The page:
Imagine the feeling, then, when Adelaide strode out to a 2-0 lead over Perth at half-time, only for Perth to come back to draw in the second half, which included a wildly questionable penalty (luck, see?) buried by Morgan Andrews. Both teams now stay where they are on the ladder, with Perth in 8th on 2 points and Adelaide rock bottom on 1.

Here's the tea

I live in the south-west suburbs of Sydney. For months, my city has been regularly shrouded in thick blankets of smoke generated by the massive bushfires burning to the north and the west. As the new decade ticked over, fires continued raging across the south-east corner of the country, destroying an area the size of some European nations. U.S. readers who were close to the California wildfires may be familiar with this feeling: a general background hum of anxiety that only sleep, art or substances can alleviate. Social and mainstream media in Australia has been one constant red alarm bell for weeks.

It's been hard to think about football during all of this, but it's been even harder to write about anything else, particularly when the heat and the smoke has started to directly affect W-League games.

In round 7, Western Sydney head coach Dean Heffernan questioned the decision for his side to play against Canberra United as the city was affected by bushfire smoke, saying in a postmatch interview that the referee asked him to keep an eye on players with asthma. Two games this past weekend -- Canberra's game against Sydney and Adelaide's game against Perth-- were postponed and delayed respectively because of the hazardous smoke and high temperatures.

I've written in this column before about the possibility that the W-League (and all Australian football) may have to switch to a winter calendar as the climate crisis worsens. But in the grand scheme of things, that's the least that football will have to do as it confronts the hazy, fire-scorched road ahead. It's no longer about simply moving a calendar to the cooler months and continuing on as we always have. Sport, and football in particular, needs to look itself in the mirror and recognise its own contributions to climate deterioration as an industry.

According to the Center for Climate and Energy Solutions, transport is one of the highest sources of global greenhouse gas emissions. In a single W-League season, a player will travel over 10,000km across Australia, taking anywhere between six and 12 separate flights. That's not counting finals or the flights needed for international players to arrive and depart Australia.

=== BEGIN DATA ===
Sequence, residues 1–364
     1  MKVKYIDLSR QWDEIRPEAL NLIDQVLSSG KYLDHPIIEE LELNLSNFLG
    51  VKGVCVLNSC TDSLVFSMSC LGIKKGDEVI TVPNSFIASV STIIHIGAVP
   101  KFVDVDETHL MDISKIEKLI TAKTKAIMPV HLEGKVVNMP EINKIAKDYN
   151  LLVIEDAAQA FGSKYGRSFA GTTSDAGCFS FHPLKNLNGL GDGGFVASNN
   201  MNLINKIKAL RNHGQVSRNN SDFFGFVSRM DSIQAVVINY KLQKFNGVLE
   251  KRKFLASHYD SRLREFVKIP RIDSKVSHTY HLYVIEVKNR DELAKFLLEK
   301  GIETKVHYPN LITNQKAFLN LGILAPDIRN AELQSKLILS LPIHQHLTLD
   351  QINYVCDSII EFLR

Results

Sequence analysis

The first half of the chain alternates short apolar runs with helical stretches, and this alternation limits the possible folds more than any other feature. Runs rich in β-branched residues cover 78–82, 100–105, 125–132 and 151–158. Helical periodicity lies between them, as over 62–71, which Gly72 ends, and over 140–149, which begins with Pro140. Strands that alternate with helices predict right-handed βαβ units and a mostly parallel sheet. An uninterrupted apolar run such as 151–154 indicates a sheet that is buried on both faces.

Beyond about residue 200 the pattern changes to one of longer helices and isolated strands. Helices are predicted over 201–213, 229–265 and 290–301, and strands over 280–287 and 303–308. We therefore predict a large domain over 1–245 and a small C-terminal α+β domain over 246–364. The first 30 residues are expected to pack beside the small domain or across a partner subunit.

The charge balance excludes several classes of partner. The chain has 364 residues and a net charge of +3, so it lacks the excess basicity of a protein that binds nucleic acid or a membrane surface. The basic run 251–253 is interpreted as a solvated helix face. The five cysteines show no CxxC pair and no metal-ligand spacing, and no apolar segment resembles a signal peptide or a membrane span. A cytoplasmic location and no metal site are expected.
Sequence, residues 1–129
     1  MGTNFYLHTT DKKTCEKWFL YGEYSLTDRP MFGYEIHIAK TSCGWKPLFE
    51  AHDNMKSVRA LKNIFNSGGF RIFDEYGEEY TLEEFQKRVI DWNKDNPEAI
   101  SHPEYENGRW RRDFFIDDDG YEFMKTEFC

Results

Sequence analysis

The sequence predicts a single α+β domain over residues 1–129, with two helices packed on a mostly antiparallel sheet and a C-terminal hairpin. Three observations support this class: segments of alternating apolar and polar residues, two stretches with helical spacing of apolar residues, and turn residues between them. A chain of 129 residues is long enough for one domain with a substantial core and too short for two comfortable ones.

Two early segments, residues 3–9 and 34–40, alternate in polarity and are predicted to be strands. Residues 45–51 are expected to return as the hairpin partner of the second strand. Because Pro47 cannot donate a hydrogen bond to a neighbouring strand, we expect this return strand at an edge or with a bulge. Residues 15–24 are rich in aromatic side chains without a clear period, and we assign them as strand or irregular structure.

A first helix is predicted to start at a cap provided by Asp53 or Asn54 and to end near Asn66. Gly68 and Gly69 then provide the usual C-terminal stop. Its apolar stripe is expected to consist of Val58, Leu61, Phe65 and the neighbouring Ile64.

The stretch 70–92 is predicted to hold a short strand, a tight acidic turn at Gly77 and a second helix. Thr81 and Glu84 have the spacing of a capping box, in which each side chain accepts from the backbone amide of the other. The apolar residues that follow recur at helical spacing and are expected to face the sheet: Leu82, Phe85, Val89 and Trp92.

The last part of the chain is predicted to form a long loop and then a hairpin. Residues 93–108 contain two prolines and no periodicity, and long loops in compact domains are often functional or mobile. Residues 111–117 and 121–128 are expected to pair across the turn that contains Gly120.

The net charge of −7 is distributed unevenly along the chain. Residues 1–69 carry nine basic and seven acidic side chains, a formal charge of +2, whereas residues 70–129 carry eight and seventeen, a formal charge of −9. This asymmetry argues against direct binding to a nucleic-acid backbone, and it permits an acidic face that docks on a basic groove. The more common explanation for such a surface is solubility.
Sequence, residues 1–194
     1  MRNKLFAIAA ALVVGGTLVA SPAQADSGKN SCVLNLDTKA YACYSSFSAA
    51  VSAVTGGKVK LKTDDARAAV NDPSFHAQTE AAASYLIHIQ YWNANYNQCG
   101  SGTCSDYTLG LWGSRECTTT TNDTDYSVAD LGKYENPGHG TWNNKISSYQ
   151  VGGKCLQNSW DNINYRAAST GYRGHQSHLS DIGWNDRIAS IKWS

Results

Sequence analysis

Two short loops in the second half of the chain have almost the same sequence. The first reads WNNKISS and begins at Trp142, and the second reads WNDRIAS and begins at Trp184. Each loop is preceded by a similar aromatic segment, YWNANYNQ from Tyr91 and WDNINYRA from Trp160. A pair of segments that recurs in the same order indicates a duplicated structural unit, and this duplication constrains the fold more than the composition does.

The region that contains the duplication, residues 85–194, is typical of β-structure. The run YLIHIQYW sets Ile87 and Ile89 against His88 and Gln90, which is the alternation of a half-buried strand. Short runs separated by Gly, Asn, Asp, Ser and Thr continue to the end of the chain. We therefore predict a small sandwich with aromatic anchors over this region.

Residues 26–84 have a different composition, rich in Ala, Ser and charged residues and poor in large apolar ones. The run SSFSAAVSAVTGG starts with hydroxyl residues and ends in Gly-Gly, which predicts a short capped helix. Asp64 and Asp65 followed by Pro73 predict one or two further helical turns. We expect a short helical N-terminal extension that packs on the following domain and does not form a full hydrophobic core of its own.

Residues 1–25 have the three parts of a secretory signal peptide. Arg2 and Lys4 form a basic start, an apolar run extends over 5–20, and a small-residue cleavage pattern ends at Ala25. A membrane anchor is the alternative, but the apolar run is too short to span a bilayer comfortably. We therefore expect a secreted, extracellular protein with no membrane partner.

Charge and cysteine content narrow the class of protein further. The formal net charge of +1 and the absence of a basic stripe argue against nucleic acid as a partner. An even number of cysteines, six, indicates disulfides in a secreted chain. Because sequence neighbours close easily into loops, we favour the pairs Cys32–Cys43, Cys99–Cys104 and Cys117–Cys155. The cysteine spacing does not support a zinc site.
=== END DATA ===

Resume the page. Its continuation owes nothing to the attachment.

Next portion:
A report produced by FIFA hinted at how big a role flights play in football: of the total amount of emissions produced during the 2014 men's World Cup, 83.7% (or just under 2.28 million tonnes of CO2) was used for the transport of players, staff, officials, guests and fans.

This doesn't even begin to address the pollution produced by the wider industries football relies upon such as sportswear and equipment manufacturers as well as infrastructure construction and maintenance.

Football has always pretended that it's an escape from the problems of the world, but that false reality is starting to come crashing down. The climate crisis is bigger and more serious than sport seems to have planned for. Like the rest of us: if it wants to survive at all, it's going to have to take its own contributions into account before it's too late.

Football has always pretended that it's an escape from the problems of the world, but that false reality is starting to come crashing down. The climate crisis is bigger and more serious than sport seems to have planned for. Like the rest of us: if it wants to survive at all, it's going to have to take its own contributions into account before it's too late.

Is there a gif of that?

Technical flair doesn't seem to be encouraged much in the W-League these days, so I'm thankful for Brazilian import Lais Dos Santos Araujo's bicycle kick for Adelaide against Perth on Friday night. She didn't score from it, but props to her all the same.